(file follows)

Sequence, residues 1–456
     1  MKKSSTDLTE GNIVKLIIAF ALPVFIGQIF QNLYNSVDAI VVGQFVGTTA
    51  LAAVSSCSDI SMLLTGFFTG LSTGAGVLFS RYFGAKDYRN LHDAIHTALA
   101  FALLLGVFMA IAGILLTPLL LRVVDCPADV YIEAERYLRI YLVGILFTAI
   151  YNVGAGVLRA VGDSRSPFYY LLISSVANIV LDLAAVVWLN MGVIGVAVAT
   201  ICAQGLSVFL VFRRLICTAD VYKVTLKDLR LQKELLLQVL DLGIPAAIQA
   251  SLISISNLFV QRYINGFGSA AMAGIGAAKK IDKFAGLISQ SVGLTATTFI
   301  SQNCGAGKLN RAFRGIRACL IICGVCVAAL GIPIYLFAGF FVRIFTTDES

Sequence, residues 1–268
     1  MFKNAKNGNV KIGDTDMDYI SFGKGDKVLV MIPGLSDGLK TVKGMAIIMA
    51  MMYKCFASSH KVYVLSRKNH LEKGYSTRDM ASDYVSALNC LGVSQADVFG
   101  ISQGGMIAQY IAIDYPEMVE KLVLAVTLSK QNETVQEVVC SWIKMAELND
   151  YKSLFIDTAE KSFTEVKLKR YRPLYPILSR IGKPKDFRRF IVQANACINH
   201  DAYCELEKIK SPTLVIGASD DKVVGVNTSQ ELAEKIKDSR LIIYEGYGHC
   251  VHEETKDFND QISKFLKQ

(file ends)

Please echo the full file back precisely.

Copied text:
Sequence, residues 1–456
     1  MKKSSTDLTE GNIVKLIIAF ALPVFIGQIF QNLYNSVDAI VVGQFVGTTA
    51  LAAVSSCSDI SMLLTGFFTG LSTGAGVLFS RYFGAKDYRN LHDAIHTALA
   101  FALLLGVFMA IAGILLTPLL LRVVDCPADV YIEAERYLRI YLVGILFTAI
   151  YNVGAGVLRA VGDSRSPFYY LLISSVANIV LDLAAVVWLN MGVIGVAVAT
   201  ICAQGLSVFL VFRRLICTAD VYKVTLKDLR LQKELLLQVL DLGIPAAIQA
   251  SLISISNLFV QRYINGFGSA AMAGIGAAKK IDKFAGLISQ SVGLTATTFI
   301  SQNCGAGKLN RAFRGIRACL IICGVCVAAL GIPIYLFAGF FVRIFTTDES

Sequence, residues 1–268
     1  MFKNAKNGNV KIGDTDMDYI SFGKGDKVLV MIPGLSDGLK TVKGMAIIMA
    51  MMYKCFASSH KVYVLSRKNH LEKGYSTRDM ASDYVSALNC LGVSQADVFG
   101  ISQGGMIAQY IAIDYPEMVE KLVLAVTLSK QNETVQEVVC SWIKMAELND
   151  YKSLFIDTAE KSFTEVKLKR YRPLYPILSR IGKPKDFRRF IVQANACINH
   201  DAYCELEKIK SPTLVIGASD DKVVGVNTSQ ELAEKIKDSR LIIYEGYGHC
   251  VHEETKDFND QISKFLKQ